Last updated on May 13th, 2019 at 02:22 pm
Lots of money.
A handful of stocks and mutual funds have beaten the odds by generating outstanding returns on investment since the tragedy that added fuel to a recession that has depleted the savings of millions of Americans.
It can be painful to look in the rearview mirror, but Small Business Times asked the research staff at Robert W. Baird & Co., Milwaukee, to compile a list of the 20 best-performing US stocks and the 20 best-performing mutual funds over the past year.
Curiously, six of the top performing stocks were retail
companies, even though the overall retail industry has been
hammered in 2002.
The remainder of the best stocks included an eclectic collection of companies in the manufacturing, real estate investment, consumer products, media, health products, drugs, health services, financial services, education and security sectors.
In other words, they were across the board, but they were often lone rangers in their sectors.
Amazingly, the top US stock since 9-11-01 is — Jo-Ann Stores, Inc. That’s right, the company that owns 850 of those Jo-Ann Fabrics and Crafts stores, including 22 in Wisconsin.
On Sept. 11 of last year, Jo-Ann stock was selling for $5.70 per share, but has since skyrocketed to $29.97 per share, a whopping return of 425.8%. That means anyone having the foresight – or the luck – to buy $1,000 in shares of Jo-Ann stock last year would now have holdings of more than $425,000.
The success of the Jo-Ann retail chain in the aftermath of 9-11 may be best explained by the "comfort factor," with people staying at home more, creating a larger demand for fabrics and crafts, said J. David Cumberland, senior consumer and research analyst at Baird.
"Consumer spending has held better than most feared it would since 9-11," Cumberland said. "Certain niche players can do quite well, like smaller retailers, when the expectations are very low."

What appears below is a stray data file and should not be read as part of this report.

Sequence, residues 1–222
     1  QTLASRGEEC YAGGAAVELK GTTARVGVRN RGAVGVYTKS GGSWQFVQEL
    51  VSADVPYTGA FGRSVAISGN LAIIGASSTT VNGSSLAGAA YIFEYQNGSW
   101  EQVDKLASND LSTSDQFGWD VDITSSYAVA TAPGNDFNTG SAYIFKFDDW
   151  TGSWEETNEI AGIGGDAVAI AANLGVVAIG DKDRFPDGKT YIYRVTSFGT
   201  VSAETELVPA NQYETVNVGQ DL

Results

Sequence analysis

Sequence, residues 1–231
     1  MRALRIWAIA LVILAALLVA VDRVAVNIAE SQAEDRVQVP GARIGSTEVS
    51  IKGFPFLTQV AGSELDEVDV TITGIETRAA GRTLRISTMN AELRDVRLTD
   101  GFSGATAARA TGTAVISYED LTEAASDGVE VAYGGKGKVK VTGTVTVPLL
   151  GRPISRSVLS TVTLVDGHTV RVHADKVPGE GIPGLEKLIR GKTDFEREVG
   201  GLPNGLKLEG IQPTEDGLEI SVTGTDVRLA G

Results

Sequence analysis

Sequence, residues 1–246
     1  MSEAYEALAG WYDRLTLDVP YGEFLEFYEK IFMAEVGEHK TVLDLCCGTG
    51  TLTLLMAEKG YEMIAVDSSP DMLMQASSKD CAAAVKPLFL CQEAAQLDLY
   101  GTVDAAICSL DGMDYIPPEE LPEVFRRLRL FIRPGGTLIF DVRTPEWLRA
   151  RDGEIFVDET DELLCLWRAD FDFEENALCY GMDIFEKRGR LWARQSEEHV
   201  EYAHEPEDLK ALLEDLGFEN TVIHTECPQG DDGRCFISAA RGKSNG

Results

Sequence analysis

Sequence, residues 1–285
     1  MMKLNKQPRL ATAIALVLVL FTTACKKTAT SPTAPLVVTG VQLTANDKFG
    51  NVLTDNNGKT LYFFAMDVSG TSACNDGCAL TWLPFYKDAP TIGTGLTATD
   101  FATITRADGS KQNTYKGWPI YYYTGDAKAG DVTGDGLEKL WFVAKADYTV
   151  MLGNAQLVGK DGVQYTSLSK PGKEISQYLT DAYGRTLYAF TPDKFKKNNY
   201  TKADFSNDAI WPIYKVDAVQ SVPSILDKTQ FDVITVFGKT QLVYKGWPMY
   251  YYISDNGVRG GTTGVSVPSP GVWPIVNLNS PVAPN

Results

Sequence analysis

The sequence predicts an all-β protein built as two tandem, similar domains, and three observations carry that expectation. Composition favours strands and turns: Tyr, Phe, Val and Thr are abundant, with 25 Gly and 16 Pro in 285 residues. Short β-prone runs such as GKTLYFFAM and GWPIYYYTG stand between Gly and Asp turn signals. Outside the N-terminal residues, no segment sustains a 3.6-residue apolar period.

Rosalind Thompson, executive vice president of Hudson, Ohio-based Jo-Ann Stores, said the turmoil caused by the terrorist attacks has indeed fed the demand for her company’s wares.
"We certainly believe there is some cocooning, staying at home and being with family," Thompson said. "We’re certainly seeing some of that in our business."
The other retailers on the national "best" chart are Jos. A. Bank Clothiers, Tractor Supply Co., Mothers Work, A.C. Moore Arts & Crafts and Loehmann’s Holdings.
Another entrant on the chart of the best stocks is Racing Champions Ertl Corp., a Glen Ellyn, Ill.-based manufacturer and marketer of miniature die-cast replicas. Its products are sold to more than 20,000 retail outlets throughout the United States, Europe and the Asia-Pacific.
Racing Champions Ertl’s growth has coincided with the rising popularity of NASCAR, as the company creates licensed replicas for the racing circuit.
The company appears poised for continued growth. Racing Champions Ertl has signed a multi-year licensing agreement with Milwaukee-based Harley-Davidson to produce and market Harley toys and collectibles.
The items will be sold at Harley dealerships and specialty, toy, collector, hobby and non-discount chain stores.
"They’ve done an effective job of securing licenses like Harley-Davidson that have a proven connection with their target market, which is men and boys," Cumberland said.
As for mutual funds, if you haven’t had your portfolio allocated to include substantial proportions of investments in gold, you likely have lost money over the past year.
Of the 20 best-performing mutual funds over the past year, 17 have a gold objective, either in direct gold investment or investments in gold mining equities.
Gold has fascinated mankind for countless centuries, and its role as an investment has been equally mysterious. It has long been considered a counter investment, and its recent history supports that theory.
Gold prices peaked at $850 per ounce in 1980, during the recession of the Reagan era, according to Jeffrey Christian, managing director of the CPM Group, a New York company specializing in precious metals and commodities research, consulting and merchant banking.
True to its counter investment role, gold prices plummeted as the economy grew in the 1990s, eventually bottoming out at $250 per ounce in March 2001. It has since climbed back to about $320 per ounce, fueling the rise in share prices for mutual funds with a gold objective.
Christian remains bearish on gold, as he maintains a target of $340 to $360 per ounce over the next year.
"I think, for many people, gold is a religion, but I think it is a very good investment. Gold is an alternative asset," Christian said. "More often than not, the investors who buy gold buy it as an insurance."
That’s an insurance policy most of us haven’t taken out.
Sept. 27, 2002 Small Business Times, Milwaukee